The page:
Remember that the index $t$ refers to the index of the layer, but can be now easily interpreted as a time.
In the limit $h\to 0$ it can be recasted as
and, since the discrete index $t$ becomes continuous in this limit, it is useful to express it as
This dynamic should be such that $x(0)$ is the initial data, and $x(T)$ is a distribution such that the points that were in $M^0$ and $M^1$ are now linearly separable.
Therefore the ResNet architecture can be seen as the discretization of an ODE, and so the input points $x$ are expected to follow a smooth dynamics layertolayer, if the residual part is sufficiently small.
The question is: is the residual part sufficiently small? Is $h$ indeed small? There are empirical evidence showing that, as the number of layers ($T$) incresases, the value $h$ gets smaller and smaller.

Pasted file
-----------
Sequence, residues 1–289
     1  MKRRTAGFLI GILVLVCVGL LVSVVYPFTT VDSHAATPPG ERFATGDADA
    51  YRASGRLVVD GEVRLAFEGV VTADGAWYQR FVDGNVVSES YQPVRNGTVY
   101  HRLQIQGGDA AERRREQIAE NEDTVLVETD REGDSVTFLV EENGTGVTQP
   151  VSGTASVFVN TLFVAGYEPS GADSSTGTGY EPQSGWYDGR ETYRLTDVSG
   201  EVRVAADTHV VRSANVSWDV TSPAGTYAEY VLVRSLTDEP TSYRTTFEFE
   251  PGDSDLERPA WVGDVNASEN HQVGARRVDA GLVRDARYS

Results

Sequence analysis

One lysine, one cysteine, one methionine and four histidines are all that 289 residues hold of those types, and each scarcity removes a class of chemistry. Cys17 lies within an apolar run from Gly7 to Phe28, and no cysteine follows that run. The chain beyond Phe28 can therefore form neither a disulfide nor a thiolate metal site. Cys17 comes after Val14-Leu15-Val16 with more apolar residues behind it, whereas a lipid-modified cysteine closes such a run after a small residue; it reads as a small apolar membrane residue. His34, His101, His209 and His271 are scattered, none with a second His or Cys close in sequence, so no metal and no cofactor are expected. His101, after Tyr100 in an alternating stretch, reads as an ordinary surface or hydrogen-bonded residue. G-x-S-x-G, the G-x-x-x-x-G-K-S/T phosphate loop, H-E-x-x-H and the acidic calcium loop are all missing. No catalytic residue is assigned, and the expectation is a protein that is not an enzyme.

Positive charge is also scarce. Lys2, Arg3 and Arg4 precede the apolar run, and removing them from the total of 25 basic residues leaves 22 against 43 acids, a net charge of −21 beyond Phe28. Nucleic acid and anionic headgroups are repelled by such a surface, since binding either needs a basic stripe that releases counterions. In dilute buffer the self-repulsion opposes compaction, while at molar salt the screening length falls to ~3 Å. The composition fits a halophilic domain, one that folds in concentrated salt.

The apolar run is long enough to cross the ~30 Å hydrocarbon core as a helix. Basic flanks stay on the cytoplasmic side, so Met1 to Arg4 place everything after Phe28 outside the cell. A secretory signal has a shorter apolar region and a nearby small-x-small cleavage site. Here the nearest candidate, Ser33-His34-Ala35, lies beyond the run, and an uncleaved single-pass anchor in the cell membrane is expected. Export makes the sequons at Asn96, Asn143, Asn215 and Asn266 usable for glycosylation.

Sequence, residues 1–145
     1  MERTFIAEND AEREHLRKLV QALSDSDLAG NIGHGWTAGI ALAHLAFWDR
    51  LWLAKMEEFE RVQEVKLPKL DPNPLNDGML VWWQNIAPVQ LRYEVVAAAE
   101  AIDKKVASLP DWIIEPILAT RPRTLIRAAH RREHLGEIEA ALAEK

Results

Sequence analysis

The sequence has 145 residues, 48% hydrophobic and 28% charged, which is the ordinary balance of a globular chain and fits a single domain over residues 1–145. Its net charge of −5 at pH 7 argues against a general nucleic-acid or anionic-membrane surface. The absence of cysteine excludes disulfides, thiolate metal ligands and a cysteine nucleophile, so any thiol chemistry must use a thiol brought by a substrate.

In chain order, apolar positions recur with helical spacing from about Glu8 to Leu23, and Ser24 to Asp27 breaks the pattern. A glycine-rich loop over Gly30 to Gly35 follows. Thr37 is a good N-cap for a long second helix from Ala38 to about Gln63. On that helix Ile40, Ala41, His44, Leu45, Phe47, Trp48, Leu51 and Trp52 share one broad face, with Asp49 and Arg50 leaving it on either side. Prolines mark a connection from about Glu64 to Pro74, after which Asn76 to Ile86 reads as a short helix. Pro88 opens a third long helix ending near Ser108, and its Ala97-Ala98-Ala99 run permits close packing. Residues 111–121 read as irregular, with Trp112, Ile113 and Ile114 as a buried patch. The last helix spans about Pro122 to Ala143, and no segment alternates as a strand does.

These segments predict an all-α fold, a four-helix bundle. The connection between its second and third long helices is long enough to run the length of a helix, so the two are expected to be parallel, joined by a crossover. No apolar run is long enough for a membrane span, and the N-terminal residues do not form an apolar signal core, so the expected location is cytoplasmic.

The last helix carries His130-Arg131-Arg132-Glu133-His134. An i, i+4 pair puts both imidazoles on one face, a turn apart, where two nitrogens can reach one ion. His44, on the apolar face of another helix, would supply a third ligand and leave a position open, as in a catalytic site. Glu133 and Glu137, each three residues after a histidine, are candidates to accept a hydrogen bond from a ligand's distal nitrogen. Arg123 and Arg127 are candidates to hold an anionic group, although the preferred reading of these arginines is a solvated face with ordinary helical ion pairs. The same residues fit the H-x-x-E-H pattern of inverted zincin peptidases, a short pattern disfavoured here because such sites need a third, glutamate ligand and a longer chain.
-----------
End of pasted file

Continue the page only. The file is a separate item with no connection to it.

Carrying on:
But we do not need to worry too much, since we can easily define a general kind of ResNets in which the residual blocks are given by
in which $h$ could be absorbed easily by $A$ and $b$.
Deep Learning and Control
Recovering the fact that $f^t$ are indeed $f^t( \cdot ;\theta ^t)$, where $\theta^t$ are the parameters $A^t$ and $b^t$, we can express our dynamical equations, in the case of resnets as
where $x(0)$ is our initial data point, and we want to control our entire distribution of initial datapoints into a final suitable distribution, given by $x(T)$. In the case of binary classification, that “suitable distribution” would for example consist in one in which the datapoints labelled as $0$ move further away from the datapoints labelled as $1$, yielding a final space that could be separated by an hyperplane.
Exploiting this idea, we have the Neural Ordinary Differential Equations [10].
Visualizing Deep Learning